Show of unity: Kalenjin, Gema elders pay Sh300,000 for sick Luo colleague

Gema Council of Elders led by chairman Peter Njenga and Kalenjin elders led by Major John Seii when they visited Mzee Otondi in Kisumu on April 5

The Gema and Kalenjin councils of elders have come together to help their ailing colleague in Nyanza to seek specialised treatment.

Mzee Otondi has been receiving treatment at Jalaram Hospital in Kisumu, but needed surgery. Last week, in a rare show of unity, the elders visited Mzee Otondi in hospital and contributed over Sh300,000 to cater for his medical bill.

Led by Gema elders chairperson Bishop Peter Njenga and his Kalenjin (Myoot) counterpart Major John Seii, the elders transferred Mzee Otondi to a specialised hospital within the town for the surgery.

According to the elders, Mzee Otondi had accrued a Sh25,000 bill at Jalaram Hospital in Kisumu, and also required Sh311,000 for the surgery.

“We understand that there are financial constraints, and we had to chip in to help one of us. However, our main reason for standing with him is because we know that our presence as fellow elders is a lease of life to him in a special way,” said Seii.

Seii led six elders from Rift Valley, while Njenga led a similar number from the Mount Kenya region. The two groups vowed to stand with and support their colleagues in Luoland.

“We are here not as individuals, but to deliver a message of goodwill from our respective communities. As leaders, we have always spoke about and promoted peace and unity even instances of political differences between our communities,” added Seii.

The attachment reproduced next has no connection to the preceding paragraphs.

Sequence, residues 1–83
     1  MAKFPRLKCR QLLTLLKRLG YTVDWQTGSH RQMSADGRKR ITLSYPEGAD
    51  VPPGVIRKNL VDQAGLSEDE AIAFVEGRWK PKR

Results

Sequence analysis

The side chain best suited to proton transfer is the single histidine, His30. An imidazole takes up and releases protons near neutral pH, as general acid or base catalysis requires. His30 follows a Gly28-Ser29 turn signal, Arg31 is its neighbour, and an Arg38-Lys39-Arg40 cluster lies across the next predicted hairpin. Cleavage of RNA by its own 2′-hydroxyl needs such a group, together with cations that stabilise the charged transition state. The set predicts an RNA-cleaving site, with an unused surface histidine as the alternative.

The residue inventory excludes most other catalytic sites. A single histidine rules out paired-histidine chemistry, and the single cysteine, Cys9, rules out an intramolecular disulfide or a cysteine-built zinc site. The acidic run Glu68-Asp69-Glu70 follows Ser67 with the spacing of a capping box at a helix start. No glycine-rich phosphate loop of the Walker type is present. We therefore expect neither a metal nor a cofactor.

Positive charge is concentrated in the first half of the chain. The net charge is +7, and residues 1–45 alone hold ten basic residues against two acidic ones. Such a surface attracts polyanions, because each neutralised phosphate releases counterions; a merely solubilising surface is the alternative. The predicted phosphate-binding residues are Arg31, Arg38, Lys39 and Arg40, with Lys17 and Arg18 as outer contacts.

“Mzee Otondi is one of us and we cannot desert him at his hour of need. We will be back to visit him in hospital and pray with him,” said Njenga.

The visit came in the wake of debates over the recent handshake between President Uhuru Kenyatta and Opposition leader Raila Odinga.

The elders reiterated their support for the unity talks saying they had already begun the process of uniting deeply-divided communities long before the handshake.

“We need order in Kenya, and as elders, we had made a decision that if the young cannot do it, we would take over and lead the country towards the path of reconciliation and peace,” said Njenga.

Seii said the bulk of business between the Kalenjin and the Luos take place in Kisumu, hence the city was at the heart of the two communities, which called for peace in the area.

Apostle Stephen Oludhe, the chief executive of the Luo Council of Elders told off those bad-mouthing Raila over the handshake. He asked the critics to instead seek answers from elders over the matter.

“The two leaders had no option but to put the country first. Kenya is a God-fearing nation and we have to admit that the handshake came as a result of divine intervention. The elders played an important part too in making that handshake possible,” he claimed.

He added that, “We don’t want to go back to the politics of bloodshed. That is why as elders, we have chosen to walk together and move the country forward as a united people.

“The greatest show of peace and reconciliation in the African tradition is a handshake. Let us stop castigating others but take the opportunity to embrace unity. We should forsake evil and shun division in the country,” said Dorothy Juma, the coordinator of the Luo Council of Elders.

Otondi appreciated the fellow elders’ intervention, saying it was a good gesture to the rest of the country.